Here's a chart breaking down the pigment colors of each of our polish offerings. And while each product may not imbue full-richness or depth of the colors shown, this is the "true nature", of the pigment itself, and what – over time – the migration will progress towards.
As always, let us know if you have any questions, or if there are any colors you'd love to see that we're currently missing!
Polishing grain leather is not an easy thing. Caringfor the leather care be quite straight forward – keep it conditioned withConditioner, protected withCream, and add some scuff protection on the toes and heels withPaste/Wax Polish. But, getting that magic mirrorshineor even a nice quality high shine, can sometimes be elusive.
Grain leather has more texture, it's grainy (by definition), and rubbing stiff waxes across grain can be challenging.
Choosing which color of polish to buy for your valued pair of shoes can sometimes be tricky. Photos show a wide-range of leathers using a single polish color: For example, Walnut can be used to bring out the reddish tones in a lighter brown leather, or can be used to tone down the reds and accent the browns in a burgundy or mahogany colored leather.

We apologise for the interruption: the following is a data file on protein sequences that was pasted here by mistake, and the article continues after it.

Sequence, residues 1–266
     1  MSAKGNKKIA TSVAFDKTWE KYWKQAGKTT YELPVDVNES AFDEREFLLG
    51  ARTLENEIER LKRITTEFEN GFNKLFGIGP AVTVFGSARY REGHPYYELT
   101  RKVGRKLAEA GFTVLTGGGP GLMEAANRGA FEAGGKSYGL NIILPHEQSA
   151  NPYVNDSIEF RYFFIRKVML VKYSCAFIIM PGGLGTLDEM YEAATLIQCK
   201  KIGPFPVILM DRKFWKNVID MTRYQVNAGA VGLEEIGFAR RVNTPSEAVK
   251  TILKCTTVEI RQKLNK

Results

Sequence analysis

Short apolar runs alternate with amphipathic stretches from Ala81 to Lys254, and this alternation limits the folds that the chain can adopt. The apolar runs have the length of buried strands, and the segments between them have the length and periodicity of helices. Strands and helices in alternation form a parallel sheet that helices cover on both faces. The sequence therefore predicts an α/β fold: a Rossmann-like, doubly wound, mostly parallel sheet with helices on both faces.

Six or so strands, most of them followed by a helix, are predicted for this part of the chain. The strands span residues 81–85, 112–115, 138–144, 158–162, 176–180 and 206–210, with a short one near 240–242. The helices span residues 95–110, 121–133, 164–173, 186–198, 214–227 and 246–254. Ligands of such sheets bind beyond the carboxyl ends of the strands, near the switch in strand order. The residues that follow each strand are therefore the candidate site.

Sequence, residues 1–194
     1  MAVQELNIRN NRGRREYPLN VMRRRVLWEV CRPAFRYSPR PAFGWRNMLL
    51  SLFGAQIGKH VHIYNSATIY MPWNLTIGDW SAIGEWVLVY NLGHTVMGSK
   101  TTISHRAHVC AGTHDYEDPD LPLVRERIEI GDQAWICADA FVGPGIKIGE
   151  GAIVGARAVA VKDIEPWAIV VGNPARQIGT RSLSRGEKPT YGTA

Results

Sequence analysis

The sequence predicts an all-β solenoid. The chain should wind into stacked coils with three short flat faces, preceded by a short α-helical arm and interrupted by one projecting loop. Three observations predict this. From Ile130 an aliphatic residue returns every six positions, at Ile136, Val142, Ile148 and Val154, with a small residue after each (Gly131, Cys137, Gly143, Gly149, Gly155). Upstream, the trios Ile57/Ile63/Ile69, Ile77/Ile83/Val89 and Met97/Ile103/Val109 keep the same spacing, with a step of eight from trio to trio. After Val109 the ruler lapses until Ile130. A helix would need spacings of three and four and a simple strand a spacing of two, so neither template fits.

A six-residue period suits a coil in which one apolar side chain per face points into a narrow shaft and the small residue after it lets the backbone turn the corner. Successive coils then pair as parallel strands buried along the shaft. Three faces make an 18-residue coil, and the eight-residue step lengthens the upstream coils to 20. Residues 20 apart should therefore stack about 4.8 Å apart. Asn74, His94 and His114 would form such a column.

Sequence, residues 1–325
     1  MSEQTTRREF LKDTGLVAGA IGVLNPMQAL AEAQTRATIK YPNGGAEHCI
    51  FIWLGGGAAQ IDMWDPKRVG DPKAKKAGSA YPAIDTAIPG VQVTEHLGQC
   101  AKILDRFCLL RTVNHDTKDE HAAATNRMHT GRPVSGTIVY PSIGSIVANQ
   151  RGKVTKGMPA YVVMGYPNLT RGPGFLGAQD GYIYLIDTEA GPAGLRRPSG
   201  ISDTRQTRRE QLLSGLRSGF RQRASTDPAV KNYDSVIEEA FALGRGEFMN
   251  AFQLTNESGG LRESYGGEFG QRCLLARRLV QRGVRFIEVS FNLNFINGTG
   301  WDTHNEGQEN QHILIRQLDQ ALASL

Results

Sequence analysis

To make it trickier, there is no one single uniform "color name" that we all use. From the leather industry, to the shoe industry, to the leather care industry, we all select a name that best represents our intended audience, and then hope they can figure it out by looking at the pictures.
So as to not totally confuse you, we created this line-up of common shoe colors and leathers, to show you which color polishes we would select to best "color match" the leather.
Today on Instagram, it appeared everyone was combining brown dress shoes with grey slacks. So, we had to follow-suit with this combination of Magnanni Colo derbies, Agave Denim Coco Mélange Grey slacks, and a Mirror Shine using our High Shine Paste/Wax and a touch of Light Brown Cream on the vamp.
Imagine a pair of sunglasses for your shoes or boots.Lensing is a technique whereby you add a different colored or shaded lens to the toes and heels of your shoe or boot.
Lensing is different from burnishing, antiquing, or patina, in that the color remains embedded within the wax, and doesn't impregnate itself within the base leather. It compliments leather patina, by adding a new dimension through light effects. This technique uses two key products - Cream Polish and Colored Paste/Wax.
Additionally, you can mirror shine on top of the lensing, for increased color and light effects.